Loading and unloading your camera is never the part that people look forward to, yet everyone that shoots with film still has to know how to load and unload their film. This is especially true if you’re shooting anything larger than 35mm film because everything has started to get more expensive and you don’t want to be messing up and wasting too much money.
Without wasting any more of your time, let’s take a look at the Mamiya M645 to better understand how to load 120mm film into this medium format camera.
To start, you’re going to need to open the back of your camera to unveil your film spool. To do this you’ll need to press down on the black memo clip in the center of the rear panel while pushing the back cover latch in the direction of the arrow above the memo clip. Once you do this, the back door will open up from the top-down and you will see the film spool.
After everything is opened up, press the clips on the sides of the ‘120’ (the release latch) and pull the cartridge out of your camera. Make sure you look around the film cartridge and spools and also the inside of your camera in order to learn and become familiar with it. One thing I always try to keep in mind while learning about my film equipment is that you shouldn’t learn by memorizing steps, you should learn the movements, parts, and duties of your camera so that you know your camera, not just how to do x, y, and z.
With that being said, let’s now take a look at the film cartridge in more depth. You can see the start mark and your spool clips to hold on to your film roll and your take-up spool. You can also see the visual that the Mamiya film cartridge has on it to help guide you through loading your film. But just in case that visual isn’t enough, we’re here to help!
After you’ve become acquainted with your film cartridge, grab a fresh roll of 120mm or 220mm film and get ready to load your camera up and go shoot.
Begin by fitting your take-up spool in the bottom of your cartridge by folding back the spool clip and placing your spool into the take-up spool stud. Once it is fit in correctly, fold the spool clip back and make sure your take-up spool is secure.
After your take-up spool is in place, remove the band of tape off of your roll of film and find the end of the roll. From here you’ll want to fold back the spool clip and then fit your roll of film into the film spool stud with your film coming from underneath your roll as shown in the picture. Once your roll is fit into the spool stud, fold the spool clip back and make sure your roll of film is secure.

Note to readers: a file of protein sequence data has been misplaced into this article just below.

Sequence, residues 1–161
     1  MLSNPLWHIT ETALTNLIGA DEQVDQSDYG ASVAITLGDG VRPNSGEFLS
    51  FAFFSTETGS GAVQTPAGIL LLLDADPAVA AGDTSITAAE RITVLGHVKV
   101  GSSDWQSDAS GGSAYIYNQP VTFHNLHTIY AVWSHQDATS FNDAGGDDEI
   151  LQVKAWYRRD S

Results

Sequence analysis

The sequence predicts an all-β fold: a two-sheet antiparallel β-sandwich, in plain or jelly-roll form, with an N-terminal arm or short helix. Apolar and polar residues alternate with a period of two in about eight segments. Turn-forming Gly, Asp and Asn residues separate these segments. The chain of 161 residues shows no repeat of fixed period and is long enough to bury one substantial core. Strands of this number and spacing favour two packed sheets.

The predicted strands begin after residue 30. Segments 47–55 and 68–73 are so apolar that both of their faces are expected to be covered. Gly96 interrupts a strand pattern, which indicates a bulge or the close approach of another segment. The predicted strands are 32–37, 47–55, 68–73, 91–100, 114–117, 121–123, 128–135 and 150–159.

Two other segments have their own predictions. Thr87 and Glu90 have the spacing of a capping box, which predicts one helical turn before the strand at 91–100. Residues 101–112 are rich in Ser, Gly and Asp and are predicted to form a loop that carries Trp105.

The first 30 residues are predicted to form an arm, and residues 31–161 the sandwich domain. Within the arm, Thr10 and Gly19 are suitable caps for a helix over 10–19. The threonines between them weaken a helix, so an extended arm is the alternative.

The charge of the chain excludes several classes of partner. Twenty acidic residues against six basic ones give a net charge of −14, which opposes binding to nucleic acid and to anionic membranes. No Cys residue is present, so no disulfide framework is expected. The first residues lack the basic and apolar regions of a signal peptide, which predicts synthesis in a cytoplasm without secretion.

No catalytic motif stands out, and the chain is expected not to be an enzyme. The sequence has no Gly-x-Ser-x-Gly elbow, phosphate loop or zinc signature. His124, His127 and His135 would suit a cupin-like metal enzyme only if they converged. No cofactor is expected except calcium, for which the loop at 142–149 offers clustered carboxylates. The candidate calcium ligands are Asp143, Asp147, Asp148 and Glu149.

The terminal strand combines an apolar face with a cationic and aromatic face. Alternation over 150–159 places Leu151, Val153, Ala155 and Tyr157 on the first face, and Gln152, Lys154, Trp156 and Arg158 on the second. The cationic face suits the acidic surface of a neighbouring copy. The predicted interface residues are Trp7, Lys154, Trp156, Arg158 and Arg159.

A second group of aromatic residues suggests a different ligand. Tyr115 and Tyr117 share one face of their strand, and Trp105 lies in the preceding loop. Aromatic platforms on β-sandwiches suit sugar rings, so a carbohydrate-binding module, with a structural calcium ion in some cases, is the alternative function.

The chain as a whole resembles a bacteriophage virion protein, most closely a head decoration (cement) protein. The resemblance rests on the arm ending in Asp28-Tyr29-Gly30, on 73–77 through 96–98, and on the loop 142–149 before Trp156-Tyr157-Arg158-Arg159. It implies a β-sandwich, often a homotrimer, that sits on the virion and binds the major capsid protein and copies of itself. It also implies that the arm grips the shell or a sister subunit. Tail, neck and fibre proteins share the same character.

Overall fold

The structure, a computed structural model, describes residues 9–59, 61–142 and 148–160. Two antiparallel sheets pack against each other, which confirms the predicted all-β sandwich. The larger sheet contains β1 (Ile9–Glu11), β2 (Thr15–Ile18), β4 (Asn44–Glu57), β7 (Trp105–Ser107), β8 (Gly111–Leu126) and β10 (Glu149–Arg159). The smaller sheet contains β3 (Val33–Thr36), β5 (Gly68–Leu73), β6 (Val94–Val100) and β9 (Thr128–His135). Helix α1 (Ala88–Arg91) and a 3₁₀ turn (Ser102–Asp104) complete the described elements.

If it’s secure then you’re set to pull the film around the back of the cartridge and around to the take-up spool. Start by threading your film leader into the center slot on your take-up spool and continue to feed a small amount of film through to make sure it will catch on to the take-up spool.
Once you have enough film fed through your take-up spool, begin to wind the metal wheel on the outside edge of the take-up spool stud. Continue winding your film with this wheel until you see the start line marked with arrows. After the start line appears, continue winding until it is lined up with the matching start line indicated on the outside of the film spool clip (top left spool clip).
Make sure to align these start lines as best you can as this will ensure your film is straight and shoots on the correct frames.
Now that your film is loaded onto your cartridge you need to get it back in your camera so that you can go out and shoot!
To do this properly, grab the release latch (sides of ‘120’) and gently press the cartridge back in the rear of the camera until you hear a *click*. Once you hear a click, fold the back door up and push the back cover latch in the direction of the arrow and press the memo clip down until the back door clicks shut.
Now you’ve loaded your film and you’re almost ready to shoot! All you have to do now is wind your film advance knob until the exposure counter window indicates ‘1’.
After you see frame 1 you’re ready to shoot! Choose your frames wisely, but most of all go have some fun and learn something new. :)
For more of our film photography articles, check out:
- Ilford HP5 Plus Film Stock Review
- Here’s What Happens When You Use Blix Before Developer
- FREE Film Strips PNGs